Update on the latest news, sports, business and entertainment:

March 23, 2017 - 11:22 am


Trump urges support for health care legislation

WASHINGTON (AP) — President Donald Trump is urging people to call their lawmakers to express support for the Republican legislation to repeal and replace "Obamacare."

Trump posted a video on Twitter Thursday asking people to get behind the plan. He says that people were "given many lies" about the Affordable Care Act.

Trump added that the legislation was "terrific" and "you're going to be very, very happy."

The GOP legislation was on the brink hours before Republican leaders planned to put it on the House floor for a showdown vote. Trump was spending the final hours trying to close the deal with conservatives who have opposed the plan.


Obama marks anniversary of health care law

WASHINGTON (AP) — Former President Barack Obama is celebrating the seventh anniversary of his landmark health care law, saying in a statement on Thursday that "America is stronger because of the Affordable Care Act."

Obama does not directly address GOP efforts to repeal his law, which are coming to a head Thursday as House leaders push toward a vote on their repeal legislation. Republicans remain short of votes.

The former president does say that if Republicans are serious about lowering costs and expanding coverage, and are prepared to work with Democrats, "That's something we all should welcome."

But, Obama says, "we should start from the baseline that any changes will make our health care system better, not worse for hardworking Americans."

He notes 20 million Americans gained coverage under his law.


Trump blasts 'fake news reports' on Russia ties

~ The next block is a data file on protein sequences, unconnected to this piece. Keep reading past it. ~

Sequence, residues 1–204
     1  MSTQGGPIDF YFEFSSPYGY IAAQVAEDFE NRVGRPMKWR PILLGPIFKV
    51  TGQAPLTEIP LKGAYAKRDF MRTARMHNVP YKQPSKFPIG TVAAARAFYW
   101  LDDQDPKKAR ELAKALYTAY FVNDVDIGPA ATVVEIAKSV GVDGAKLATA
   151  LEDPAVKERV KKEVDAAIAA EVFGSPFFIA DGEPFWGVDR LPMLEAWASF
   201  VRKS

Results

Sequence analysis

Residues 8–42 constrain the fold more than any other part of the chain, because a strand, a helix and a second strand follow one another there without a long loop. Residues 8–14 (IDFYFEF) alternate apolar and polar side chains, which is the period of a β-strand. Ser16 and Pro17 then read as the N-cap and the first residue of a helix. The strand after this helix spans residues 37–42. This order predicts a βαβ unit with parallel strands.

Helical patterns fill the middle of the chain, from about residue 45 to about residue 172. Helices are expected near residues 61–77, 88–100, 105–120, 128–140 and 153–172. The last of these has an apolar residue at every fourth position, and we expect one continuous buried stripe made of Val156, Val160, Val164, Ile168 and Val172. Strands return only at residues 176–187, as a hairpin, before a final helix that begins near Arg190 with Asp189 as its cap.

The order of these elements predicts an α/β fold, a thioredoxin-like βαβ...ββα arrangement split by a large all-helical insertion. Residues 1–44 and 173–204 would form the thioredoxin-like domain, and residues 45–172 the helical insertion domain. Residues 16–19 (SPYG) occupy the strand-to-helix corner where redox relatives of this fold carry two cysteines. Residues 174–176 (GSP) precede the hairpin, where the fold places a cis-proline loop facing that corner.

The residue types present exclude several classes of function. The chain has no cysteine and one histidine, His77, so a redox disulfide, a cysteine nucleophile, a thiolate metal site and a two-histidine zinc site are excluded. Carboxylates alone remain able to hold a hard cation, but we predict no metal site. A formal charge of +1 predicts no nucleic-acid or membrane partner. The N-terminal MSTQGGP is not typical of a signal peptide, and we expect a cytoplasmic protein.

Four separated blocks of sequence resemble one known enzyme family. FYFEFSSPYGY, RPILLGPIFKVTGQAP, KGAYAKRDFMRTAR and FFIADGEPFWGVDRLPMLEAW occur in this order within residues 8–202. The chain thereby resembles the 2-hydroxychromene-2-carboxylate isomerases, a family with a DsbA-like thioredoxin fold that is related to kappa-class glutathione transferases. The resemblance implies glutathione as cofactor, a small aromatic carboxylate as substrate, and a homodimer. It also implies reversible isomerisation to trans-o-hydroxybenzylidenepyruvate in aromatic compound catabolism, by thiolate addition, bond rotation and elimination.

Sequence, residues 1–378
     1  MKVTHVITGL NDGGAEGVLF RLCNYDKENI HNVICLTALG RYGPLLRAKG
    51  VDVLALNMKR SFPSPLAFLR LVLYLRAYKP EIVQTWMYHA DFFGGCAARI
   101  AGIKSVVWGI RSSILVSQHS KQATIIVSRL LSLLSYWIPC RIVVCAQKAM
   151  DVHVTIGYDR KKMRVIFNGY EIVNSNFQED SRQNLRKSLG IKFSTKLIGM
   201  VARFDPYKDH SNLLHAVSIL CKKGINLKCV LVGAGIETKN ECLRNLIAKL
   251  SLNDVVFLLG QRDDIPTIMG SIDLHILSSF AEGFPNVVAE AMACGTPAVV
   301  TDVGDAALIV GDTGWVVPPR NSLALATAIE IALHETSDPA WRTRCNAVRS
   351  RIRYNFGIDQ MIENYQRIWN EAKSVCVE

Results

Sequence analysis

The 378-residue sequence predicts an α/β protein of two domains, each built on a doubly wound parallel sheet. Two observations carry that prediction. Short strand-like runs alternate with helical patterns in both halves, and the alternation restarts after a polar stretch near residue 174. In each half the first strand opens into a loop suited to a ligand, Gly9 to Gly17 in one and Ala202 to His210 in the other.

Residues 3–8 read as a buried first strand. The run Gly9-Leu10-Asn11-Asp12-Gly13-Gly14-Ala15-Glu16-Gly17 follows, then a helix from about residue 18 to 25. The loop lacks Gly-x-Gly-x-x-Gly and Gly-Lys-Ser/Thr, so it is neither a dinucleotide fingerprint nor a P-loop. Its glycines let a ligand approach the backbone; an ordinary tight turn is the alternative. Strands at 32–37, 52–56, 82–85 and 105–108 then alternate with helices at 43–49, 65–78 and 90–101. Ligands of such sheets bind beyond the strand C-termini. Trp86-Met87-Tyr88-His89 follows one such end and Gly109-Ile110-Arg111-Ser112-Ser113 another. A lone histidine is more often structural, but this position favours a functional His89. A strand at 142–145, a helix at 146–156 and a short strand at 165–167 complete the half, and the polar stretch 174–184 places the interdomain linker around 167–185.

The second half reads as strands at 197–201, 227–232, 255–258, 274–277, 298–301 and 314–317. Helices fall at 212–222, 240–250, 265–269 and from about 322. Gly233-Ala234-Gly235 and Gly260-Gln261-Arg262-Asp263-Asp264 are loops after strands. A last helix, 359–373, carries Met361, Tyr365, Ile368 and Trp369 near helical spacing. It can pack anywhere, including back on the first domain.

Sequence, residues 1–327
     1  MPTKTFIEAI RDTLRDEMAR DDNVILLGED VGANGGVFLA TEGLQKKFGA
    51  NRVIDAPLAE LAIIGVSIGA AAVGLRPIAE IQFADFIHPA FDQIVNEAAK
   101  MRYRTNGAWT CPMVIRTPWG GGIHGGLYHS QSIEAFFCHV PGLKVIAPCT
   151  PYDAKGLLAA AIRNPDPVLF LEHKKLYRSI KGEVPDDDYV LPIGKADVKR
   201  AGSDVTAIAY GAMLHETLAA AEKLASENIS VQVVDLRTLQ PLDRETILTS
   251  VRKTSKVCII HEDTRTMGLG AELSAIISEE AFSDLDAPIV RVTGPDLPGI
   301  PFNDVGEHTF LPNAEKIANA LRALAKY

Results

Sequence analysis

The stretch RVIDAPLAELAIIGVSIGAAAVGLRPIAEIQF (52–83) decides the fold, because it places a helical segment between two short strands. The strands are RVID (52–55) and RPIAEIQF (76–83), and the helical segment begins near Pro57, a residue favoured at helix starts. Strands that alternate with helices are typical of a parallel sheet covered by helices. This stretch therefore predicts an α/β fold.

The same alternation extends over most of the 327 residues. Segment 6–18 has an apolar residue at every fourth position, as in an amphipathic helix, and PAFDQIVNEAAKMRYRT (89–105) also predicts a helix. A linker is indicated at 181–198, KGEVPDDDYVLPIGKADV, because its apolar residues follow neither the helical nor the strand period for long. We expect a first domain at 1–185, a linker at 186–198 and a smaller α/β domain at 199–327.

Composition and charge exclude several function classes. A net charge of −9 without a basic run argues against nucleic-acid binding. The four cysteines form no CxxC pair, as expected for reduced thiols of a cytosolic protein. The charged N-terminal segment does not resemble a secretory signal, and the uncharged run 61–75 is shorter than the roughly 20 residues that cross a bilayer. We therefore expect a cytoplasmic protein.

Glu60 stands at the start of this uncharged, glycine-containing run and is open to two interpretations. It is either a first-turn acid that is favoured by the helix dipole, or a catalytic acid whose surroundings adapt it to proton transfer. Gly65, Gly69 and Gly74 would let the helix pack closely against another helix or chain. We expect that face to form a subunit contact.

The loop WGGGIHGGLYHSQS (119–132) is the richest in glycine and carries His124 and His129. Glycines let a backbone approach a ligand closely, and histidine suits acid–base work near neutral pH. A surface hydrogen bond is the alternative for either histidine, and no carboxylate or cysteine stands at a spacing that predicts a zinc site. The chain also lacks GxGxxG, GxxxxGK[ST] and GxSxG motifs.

WASHINGTON (AP) — President Donald Trump is blasting what he calls "totally biased and fake news reports of the so-called Russia story."

Trump took to Twitter Thursday to express his frustration. He singled out reports on NBC and ABC, saying "such dishonesty!"

The FBI director said earlier this week that there is an investigation underway into whether Trump's campaign associates coordinated with Russian officials in an effort to sway the 2016 presidential election. The president has refused to acknowledge the probe, dismissed it as fake news and blamed it on Democrats.

Rep. Adam Schiff, the ranking Democrat on the House intelligence committee, said Wednesday that he had seen "more than circumstantial evidence" that Trump associates colluded with Russia.


Trump defends wiretap claims

WASHINGTON (AP) — President Donald Trump is defending his explosive claims that his predecessor wiretapped his New York skyscraper.

In an interview with Time Magazine, Trump says "wiretapping was in quotes. What I'm talking about is surveillance."

Trump noted that the chairman of the House intelligence committee said Wednesday that communications of Trump and his transition team may have been scooped up by American intelligence officials monitoring other targets.

There is no evidence that Trump Tower was wiretapped.

In the interview, Trump defended other statements that have been debunked, including his claims that millions of people voted illegally in the November election. He said he is just citing news sources.

He concluded the interview with: "I guess, I can't be doing so badly, because I'm president, and you're not."


McCain denounces release of surveillance information

WASHINGTON (AP) — Sen. John McCain says it is "disturbing" that the chairman of the House intelligence committee is publicly airing often-secret information.

McCain spoke Thursday on NBC's "Today Show," responding to Republican Rep. Devin Nunes' statements that Trump transition officials' communications may have been scooped up in legal surveillance and then improperly distributed.